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Wednesday, June 9, 2010
June 9, 2010 News Read
By Andrew Walden @ 1:07 PM :: 9782 Views

Nanakuli Park: Hannemann pounds Hanabusa in proxy fight between Waimanalo Gulch and PVT landfill

Shanghai: Governor Lingle opens “Hawaii Week” at 2010 World Expo

Acting Governor Duke Aiona signs Monk Seal Protection bill

The Hill: New members Critz, Djou start off in campaign mode

It's lobbying, not charity: (Star-Advertiser joins gay-atheist lobby in attack on Hawaii Family Forum)

Former state legislator Dennis Arakaki, the group's executive director who registered with the state as its lobbyist last year, told the Star-Advertiser's Susan Essoyan that lobbying sometimes is "a matter of interpretation." He says the group engages in education, not just lobbying. Indeed, that line can be blurred.

The organization's avoidance of taxes contrasts with other groups involved in the issue, including Focus on the Family Action, which registered as a social welfare organization and did not accept tax-deductible donations. Nor did the pro-civil union Equality Hawaii and the Washington, D.C.-based Human Rights Campaign.

(Convicted thief and atheist) Michael Golojuch Jr. of the Hawaii Citizens for the Separation of State and Church, which neither raises nor spends money, has complained as an individual to the state Ethics Commission that Hawaii Family Forum has understated its lobbying expenses, including Arakaki's salary.

The Legislature narrowly approved the civil unions bill on the last day of this year's session in April, and Gov. Linda Lingle has yet to decide whether to veto it or let it become law, with or without her signature. The lobbying on that or related issues could extend to future sessions.

The IRS should resolve the dispute before the next round of the battle over government recognition of same-sex couples. Lobbies cannot be allowed to operate fast and loose -- especially under the cover of charity advantage -- without the consequence of losing their tax-exempt status.

RELATED: Star-Bulletin comes out against voter registration drive

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Civil union pairs might face taxes (HB444 creates new basis for litigation to re-invent Gay marriage)

Debbie Padello, director of human resources and client services at Altres, said if a company offers medical insurance to families or a worker's spouse, they would be required to offer medical insurance to a civil union partner….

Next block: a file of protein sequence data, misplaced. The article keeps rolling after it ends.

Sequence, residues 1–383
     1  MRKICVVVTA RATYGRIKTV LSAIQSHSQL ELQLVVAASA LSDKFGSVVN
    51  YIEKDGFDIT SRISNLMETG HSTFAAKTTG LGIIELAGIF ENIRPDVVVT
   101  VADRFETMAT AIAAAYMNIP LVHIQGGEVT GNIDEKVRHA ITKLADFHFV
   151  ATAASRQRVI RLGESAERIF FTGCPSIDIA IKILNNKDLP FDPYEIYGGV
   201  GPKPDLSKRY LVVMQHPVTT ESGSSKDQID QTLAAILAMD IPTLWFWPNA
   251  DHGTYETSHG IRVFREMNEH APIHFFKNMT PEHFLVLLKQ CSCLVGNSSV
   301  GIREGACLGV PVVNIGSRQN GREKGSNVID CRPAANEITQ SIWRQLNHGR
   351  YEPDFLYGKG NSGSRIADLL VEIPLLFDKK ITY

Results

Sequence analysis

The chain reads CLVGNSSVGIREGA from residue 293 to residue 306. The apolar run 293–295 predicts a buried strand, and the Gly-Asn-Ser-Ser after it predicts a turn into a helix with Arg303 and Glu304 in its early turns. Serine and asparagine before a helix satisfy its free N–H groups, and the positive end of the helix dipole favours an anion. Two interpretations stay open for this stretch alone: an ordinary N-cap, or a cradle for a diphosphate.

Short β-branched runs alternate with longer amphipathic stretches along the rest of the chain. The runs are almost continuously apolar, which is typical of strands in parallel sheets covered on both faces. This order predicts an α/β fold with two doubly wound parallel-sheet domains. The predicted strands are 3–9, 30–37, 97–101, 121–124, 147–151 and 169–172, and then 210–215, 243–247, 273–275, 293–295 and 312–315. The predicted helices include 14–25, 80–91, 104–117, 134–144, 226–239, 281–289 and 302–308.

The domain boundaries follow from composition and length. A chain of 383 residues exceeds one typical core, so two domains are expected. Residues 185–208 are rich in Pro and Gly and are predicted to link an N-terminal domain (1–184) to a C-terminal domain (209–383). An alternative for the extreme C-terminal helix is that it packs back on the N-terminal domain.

Lowell Kalapa, president of the private Hawaii Tax Foundation, says the bill adds an additional complexity because it was first written in 2009 and says it "takes effect Jan. 1, 2010."

Senate supporters, fearing the bill would not survive another challenge, didn't want to vote on amending it a second time so they left in the retroactive date. The state House this year also kept the same date.

"So if a couple is denied benefits now, they might be able to sue the employer," Kalapa warned. Supporters, however, argue (hope you will believe) that it is unlikely anyone would fit those circumstances.

Because no civil unions would have been enacted until the law takes effect, only civil unions in other jurisdictions or other countries would be recognized immediately. (So there ARE people who will fit those circumstances.)

(And of course, once ANY civil union related issue is before the courts, the Hawaii judiciary can be counted on to once again invent gay marriage.)

TOTALLY RELATED: Hooser, Hanabusa predict HB444 will bring gay marriage back before courts

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Star-Advertiser: Making sense of island politics (look good) is still our goal

Star-Advertiser recommits itself to the job of making Hawaii Democrat politicians look like they are trying to help the people: 

This is the biggest year of political change Hawaii will see in a decade, because by December voters will have selected a new governor and new mayors for Honolulu, Maui and Kauai. There's even a heated race for Congress.

Local politics are in transition, Republicans are questioning whether the Obama tidal wave will come ashore again this fall. Even the issue of school governance is up for a decision….